Nepali Times Asian Paints
Nation
The most cost-effective way to raise enrolment

UDAYALAXMI PRADHANANGA and SHERIDAN BARTLETT


Eight years ago, Save the Children US, in partnership with local organisations, started the first of its community-based Early Child Development (ECD) centre in Siraha.

By 2000, nearly 300 graduates went directly into class one in local government schools. Eighty-six entered a pre-primary class, 16 jumped immediately to class two and one started in class three.

A survey showed the children were excelling and passed from class one to class two at double the rate of their peers. But do they continue to do well? International research shows children who attend early childhood program tend to 'fade out' and after the first few years, the academic gap between these children and others tends to close.

But in Siraha there has been no fade out for children from ECD centres. By 2004, 80 percent of the 2,000 cohorts were moving through school with no failure or repetition. Projecting these results, the children look more than twice as likely to complete primary school within five years as the average Nepali student.

Even more important is that the children stay in school, even if they fail a year. Over four years, only 14 of the cohort of 291 have dropped out of school, about one-tenth of the national annual dropout rate. The most recent primary school completion rate for Nepal (2003) indicates that only half the enrolled students nationally ever complete grade five-including all those who repeat along the way. If repetitions are included, we project that over 90 percent of the ECD children will complete grade five.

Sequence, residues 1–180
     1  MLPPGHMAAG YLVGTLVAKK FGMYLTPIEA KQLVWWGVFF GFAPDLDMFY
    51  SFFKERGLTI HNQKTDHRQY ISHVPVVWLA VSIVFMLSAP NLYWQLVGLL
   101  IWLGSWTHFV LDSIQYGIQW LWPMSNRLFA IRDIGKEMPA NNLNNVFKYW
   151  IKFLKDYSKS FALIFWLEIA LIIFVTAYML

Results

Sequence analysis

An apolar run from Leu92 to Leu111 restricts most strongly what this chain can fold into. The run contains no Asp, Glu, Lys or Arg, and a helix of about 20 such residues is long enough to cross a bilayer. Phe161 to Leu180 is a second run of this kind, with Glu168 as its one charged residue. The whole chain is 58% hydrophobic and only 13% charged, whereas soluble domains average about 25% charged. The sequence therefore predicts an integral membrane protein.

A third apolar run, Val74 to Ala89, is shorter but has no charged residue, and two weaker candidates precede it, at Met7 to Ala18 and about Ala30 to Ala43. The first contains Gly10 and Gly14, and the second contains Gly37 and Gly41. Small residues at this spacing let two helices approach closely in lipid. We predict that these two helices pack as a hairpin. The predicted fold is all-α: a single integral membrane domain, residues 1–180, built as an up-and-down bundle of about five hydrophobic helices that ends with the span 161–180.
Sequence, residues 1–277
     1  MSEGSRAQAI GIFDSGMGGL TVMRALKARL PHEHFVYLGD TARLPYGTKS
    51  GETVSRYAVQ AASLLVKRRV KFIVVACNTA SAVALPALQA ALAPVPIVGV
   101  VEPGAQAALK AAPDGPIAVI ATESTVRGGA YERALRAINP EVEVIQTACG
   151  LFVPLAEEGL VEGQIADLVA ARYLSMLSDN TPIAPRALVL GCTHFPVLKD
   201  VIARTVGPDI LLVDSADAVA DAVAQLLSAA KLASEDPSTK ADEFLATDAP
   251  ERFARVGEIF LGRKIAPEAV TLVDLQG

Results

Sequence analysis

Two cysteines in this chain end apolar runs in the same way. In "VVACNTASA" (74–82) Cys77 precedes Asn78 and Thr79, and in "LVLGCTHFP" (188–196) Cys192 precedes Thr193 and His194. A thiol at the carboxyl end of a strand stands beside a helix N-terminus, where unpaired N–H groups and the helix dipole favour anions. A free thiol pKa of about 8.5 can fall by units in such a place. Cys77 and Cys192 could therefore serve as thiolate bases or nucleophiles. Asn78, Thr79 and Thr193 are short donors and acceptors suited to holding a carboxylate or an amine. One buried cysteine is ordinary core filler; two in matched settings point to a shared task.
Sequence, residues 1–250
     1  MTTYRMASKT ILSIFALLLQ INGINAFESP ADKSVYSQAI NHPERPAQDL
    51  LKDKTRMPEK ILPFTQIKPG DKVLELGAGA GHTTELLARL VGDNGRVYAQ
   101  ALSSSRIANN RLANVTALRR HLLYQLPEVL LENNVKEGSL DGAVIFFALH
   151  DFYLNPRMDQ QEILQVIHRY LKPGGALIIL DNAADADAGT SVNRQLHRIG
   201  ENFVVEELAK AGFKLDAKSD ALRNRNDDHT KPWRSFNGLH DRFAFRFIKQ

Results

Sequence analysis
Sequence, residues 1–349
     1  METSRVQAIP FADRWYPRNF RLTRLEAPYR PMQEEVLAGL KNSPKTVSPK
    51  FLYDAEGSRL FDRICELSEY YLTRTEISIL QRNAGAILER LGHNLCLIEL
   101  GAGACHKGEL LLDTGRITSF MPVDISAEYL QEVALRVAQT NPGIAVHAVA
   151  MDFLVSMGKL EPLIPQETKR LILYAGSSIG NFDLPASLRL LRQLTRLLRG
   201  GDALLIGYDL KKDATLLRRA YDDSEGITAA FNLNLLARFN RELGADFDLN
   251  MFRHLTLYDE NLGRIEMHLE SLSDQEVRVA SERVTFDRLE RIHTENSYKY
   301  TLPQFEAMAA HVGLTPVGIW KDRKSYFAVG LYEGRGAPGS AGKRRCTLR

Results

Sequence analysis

The number of centres in Siraha continues to expand. SCF-US with the DEO and nine local voluntary groups support 234 of these community-based centres, benefiting over 5,300 children aged four and five-about 12 percent of all eligible children. In order to meet the demand, a shift system has been initiated in some centres, so that twice as many children can be served without increasing management costs.

Over 2,700 children, not yet counting the current year, have successfully completed the program, and every year, all graduates have entered school. The centres become self-sustaining within five years with some support from the local district education office.

These ECD centres make a vital contribution to addressing social exclusion in Nepal. Nationwide, girls still lag behind boys in enrolment and they are more likely to drop out of school. But girls attend these centres and then go on to school in the same numbers as boys.

More than a quarter of all those currently enrolled in Siraha are dalits, although they make up only 17 percent of the population there. Strong community-based and community-managed early childhood programs are the most effective (and the most cost-effective) way to raise enrolment, promoting caste and gender equity, preventing dropout and ensuring school success.


LATEST ISSUE
638
(11 JAN 2013 - 17 JAN 2013)


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